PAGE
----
Imagine this scenario: A female employee complains to HR claiming she is being sexually harassed by a male coworker. HR immediately convenes an investigation, and to protect the integrity of the investigation, reminds the accuser, the accused and witnesses of its policy that employees are prohibited from discussing the investigation with coworkers during the investigation. The accused employee files a claim with the National Labor Relations Board, stating the company’s policy violates his rights under federal labor law. Until recently, the accused employee stated a valid claim under federal labor law because of Banner Health Systems (362 NLRB 1108 (2015)).
On Dec. 17, the NLRB reversed the confounding Banner Health decision that had placed employers in the untenable position of potentially violating the NLRA in order to protect the integrity of internal investigations, which are critical to enforcement of anti-harassment policies. In an early holiday gift, in Apogee Retail, the NLRB reversed Banner Health, and found that employer policies that require confidentiality during internal investigations are per se lawful.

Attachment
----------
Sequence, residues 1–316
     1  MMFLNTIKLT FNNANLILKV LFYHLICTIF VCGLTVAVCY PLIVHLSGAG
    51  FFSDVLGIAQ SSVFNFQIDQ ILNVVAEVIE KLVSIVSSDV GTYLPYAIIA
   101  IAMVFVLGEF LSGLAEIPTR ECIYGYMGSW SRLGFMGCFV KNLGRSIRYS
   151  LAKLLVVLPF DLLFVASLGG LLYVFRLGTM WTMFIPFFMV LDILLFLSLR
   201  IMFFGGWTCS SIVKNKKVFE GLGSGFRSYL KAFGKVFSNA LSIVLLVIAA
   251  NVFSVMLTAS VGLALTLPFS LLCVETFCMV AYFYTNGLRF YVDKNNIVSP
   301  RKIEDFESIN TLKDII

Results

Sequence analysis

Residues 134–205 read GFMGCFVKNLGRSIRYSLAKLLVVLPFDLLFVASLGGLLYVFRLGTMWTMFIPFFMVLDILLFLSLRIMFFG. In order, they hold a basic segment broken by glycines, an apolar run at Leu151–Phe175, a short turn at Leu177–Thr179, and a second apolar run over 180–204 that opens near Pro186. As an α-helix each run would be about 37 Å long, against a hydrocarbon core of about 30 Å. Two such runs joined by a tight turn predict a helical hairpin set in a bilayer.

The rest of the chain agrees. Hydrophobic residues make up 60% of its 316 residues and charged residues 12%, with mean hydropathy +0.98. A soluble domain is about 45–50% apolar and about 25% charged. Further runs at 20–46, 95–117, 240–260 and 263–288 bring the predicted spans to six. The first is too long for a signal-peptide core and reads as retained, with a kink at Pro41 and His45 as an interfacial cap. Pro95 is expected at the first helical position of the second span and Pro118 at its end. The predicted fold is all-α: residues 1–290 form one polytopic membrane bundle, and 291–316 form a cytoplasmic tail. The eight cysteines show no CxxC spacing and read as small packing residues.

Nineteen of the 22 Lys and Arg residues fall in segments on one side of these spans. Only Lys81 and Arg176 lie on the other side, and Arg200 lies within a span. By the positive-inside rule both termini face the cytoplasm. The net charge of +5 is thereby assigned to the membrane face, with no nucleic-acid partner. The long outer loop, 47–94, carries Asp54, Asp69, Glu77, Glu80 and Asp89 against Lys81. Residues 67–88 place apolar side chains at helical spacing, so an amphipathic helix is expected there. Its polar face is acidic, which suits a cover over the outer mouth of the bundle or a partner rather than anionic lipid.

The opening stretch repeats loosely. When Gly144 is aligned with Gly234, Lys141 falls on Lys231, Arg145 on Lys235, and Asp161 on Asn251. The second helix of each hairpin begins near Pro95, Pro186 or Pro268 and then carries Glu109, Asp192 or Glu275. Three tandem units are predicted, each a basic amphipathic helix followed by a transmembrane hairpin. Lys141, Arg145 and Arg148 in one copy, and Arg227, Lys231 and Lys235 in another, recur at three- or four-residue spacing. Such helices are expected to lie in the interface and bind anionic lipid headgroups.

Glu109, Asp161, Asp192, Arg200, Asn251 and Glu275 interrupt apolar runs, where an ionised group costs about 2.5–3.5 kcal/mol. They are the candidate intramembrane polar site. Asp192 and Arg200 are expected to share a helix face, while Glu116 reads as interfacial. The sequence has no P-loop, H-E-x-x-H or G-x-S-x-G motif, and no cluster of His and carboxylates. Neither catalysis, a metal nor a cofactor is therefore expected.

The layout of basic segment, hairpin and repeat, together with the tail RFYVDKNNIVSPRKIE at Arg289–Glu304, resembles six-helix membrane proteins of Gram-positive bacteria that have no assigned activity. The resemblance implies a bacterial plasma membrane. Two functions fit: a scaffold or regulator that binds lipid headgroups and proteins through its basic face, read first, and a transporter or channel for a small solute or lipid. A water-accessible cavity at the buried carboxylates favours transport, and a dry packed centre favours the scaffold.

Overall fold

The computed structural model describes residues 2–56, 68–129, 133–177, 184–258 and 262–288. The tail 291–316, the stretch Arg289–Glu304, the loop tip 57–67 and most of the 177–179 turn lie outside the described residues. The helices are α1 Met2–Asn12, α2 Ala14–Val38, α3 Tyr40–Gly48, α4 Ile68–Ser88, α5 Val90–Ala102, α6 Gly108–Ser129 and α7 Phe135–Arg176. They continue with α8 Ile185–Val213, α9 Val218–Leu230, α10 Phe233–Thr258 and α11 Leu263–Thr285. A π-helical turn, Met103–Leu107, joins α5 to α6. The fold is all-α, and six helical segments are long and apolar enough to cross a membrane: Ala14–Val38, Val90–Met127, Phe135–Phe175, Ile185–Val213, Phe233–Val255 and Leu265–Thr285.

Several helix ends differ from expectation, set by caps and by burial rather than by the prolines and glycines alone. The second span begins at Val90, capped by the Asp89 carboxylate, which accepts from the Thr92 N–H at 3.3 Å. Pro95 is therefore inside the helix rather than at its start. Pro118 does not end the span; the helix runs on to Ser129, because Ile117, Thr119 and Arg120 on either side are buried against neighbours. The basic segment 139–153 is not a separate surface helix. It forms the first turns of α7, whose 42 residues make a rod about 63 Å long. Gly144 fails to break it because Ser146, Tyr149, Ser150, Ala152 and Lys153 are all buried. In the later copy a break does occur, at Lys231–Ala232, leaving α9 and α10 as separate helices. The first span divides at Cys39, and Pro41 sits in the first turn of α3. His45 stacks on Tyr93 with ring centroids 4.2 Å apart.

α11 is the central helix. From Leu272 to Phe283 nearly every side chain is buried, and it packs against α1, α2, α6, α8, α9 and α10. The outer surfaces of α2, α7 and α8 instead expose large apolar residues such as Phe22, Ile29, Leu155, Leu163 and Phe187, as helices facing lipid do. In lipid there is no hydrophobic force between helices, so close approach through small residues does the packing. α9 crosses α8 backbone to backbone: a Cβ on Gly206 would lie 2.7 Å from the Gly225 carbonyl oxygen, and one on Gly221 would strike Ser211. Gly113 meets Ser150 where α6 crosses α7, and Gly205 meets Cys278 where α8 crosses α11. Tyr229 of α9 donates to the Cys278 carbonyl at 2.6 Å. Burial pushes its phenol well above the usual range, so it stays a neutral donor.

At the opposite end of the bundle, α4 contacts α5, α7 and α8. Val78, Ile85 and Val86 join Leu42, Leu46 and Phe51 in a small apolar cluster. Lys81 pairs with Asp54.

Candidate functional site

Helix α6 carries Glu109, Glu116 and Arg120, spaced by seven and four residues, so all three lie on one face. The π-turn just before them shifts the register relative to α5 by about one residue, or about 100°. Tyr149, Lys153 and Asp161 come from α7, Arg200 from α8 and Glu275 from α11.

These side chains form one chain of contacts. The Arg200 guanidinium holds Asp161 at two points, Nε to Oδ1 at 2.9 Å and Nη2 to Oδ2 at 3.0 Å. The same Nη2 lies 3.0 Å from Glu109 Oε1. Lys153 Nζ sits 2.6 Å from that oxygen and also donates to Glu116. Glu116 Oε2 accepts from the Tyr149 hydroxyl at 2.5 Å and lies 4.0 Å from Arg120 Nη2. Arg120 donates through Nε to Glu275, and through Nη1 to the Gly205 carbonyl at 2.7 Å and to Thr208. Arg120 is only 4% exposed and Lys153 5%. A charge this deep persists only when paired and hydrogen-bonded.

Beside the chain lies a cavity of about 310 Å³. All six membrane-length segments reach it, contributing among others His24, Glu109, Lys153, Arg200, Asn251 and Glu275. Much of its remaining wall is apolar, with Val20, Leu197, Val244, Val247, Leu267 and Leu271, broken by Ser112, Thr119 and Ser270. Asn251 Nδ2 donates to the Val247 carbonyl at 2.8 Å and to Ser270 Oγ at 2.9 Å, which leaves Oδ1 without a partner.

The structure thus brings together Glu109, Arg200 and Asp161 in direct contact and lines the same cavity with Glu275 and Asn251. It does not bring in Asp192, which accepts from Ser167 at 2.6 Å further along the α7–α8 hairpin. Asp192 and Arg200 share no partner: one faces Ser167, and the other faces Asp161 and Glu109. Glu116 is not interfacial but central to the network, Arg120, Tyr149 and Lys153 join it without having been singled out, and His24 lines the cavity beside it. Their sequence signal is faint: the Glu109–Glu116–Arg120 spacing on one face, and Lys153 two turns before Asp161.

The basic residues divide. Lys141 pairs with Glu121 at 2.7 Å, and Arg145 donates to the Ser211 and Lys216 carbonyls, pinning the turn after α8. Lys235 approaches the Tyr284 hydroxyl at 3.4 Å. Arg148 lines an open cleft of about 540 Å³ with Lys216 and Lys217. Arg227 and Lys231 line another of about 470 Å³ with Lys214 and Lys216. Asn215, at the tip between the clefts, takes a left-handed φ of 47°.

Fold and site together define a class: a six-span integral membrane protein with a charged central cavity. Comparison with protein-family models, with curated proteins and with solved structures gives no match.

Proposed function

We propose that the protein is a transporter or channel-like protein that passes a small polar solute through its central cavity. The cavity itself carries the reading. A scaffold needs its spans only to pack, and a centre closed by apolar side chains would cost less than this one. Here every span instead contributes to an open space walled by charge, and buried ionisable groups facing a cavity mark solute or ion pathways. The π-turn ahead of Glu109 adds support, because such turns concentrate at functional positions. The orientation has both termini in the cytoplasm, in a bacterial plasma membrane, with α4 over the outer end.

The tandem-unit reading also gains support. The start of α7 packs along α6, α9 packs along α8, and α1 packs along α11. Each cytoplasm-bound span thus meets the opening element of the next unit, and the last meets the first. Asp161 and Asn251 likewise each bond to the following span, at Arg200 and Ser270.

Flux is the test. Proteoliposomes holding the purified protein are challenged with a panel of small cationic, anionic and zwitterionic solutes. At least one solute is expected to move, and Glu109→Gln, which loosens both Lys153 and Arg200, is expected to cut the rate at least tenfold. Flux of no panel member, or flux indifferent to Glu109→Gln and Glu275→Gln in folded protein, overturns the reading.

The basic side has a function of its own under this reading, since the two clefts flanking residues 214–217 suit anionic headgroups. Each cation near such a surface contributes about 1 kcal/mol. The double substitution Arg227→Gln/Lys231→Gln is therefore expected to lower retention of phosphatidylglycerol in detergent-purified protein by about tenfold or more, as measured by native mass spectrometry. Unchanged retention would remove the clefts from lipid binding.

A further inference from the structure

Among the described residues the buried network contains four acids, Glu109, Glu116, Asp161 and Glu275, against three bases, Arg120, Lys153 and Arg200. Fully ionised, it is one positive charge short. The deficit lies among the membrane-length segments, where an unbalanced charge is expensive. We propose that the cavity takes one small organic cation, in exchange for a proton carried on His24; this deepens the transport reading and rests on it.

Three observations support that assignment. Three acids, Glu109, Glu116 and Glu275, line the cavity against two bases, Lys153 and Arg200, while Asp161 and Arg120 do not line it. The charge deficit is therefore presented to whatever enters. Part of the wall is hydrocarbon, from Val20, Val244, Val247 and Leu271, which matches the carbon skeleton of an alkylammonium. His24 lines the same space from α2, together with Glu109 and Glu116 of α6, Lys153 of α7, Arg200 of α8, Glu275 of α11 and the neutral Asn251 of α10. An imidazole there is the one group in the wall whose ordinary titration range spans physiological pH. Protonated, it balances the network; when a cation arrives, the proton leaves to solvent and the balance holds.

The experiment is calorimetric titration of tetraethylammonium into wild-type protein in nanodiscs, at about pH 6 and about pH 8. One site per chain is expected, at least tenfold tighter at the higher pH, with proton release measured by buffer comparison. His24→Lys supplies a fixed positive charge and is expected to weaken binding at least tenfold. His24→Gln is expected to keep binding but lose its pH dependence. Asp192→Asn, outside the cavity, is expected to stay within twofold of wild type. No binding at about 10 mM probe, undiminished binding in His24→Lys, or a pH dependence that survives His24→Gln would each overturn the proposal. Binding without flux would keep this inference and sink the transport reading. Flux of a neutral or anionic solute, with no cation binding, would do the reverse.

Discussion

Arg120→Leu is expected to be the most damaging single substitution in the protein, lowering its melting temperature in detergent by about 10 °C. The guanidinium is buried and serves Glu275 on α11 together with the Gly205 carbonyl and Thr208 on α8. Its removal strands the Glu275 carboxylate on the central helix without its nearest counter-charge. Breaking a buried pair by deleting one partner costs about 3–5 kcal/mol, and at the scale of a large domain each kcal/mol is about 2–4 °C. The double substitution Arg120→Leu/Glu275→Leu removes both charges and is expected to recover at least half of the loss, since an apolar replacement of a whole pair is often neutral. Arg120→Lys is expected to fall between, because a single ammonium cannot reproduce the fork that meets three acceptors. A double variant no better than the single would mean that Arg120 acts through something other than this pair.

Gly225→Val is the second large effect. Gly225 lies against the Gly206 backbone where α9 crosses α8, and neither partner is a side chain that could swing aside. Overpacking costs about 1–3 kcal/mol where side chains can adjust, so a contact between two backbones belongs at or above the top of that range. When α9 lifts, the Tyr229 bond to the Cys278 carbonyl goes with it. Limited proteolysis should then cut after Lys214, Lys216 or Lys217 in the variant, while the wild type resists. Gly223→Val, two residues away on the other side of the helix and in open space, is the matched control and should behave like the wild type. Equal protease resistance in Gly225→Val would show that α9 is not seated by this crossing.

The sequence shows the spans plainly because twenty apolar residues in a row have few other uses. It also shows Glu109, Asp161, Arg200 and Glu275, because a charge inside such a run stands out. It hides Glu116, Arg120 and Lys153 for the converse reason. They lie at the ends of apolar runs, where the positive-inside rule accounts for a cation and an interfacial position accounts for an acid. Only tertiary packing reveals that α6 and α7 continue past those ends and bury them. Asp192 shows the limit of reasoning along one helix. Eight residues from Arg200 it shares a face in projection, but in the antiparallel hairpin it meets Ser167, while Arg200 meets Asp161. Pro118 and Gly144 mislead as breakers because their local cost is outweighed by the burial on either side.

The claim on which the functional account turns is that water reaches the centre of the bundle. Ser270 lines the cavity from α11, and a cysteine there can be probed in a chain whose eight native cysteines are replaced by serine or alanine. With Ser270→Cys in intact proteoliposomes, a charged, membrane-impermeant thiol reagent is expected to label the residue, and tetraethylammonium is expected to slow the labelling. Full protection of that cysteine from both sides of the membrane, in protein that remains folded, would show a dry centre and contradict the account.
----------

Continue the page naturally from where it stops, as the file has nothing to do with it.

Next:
The NLRB’s previous stance had placed the NLRB at odds with the EEOC, which encouraged employers to maintain confidentiality requirements in internal investigations, particularly sexual harassment investigations, noting confidentiality provisions encourage victims and witnesses to come forward. Under the new NLRB standard announced Dec. 17, an employer may properly require confidentiality during open investigations. However, confidentiality requirements that are not, on their face, limited to open investigations remain subject to challenge to see if they unlawfully interfere with employee rights under federal labor law.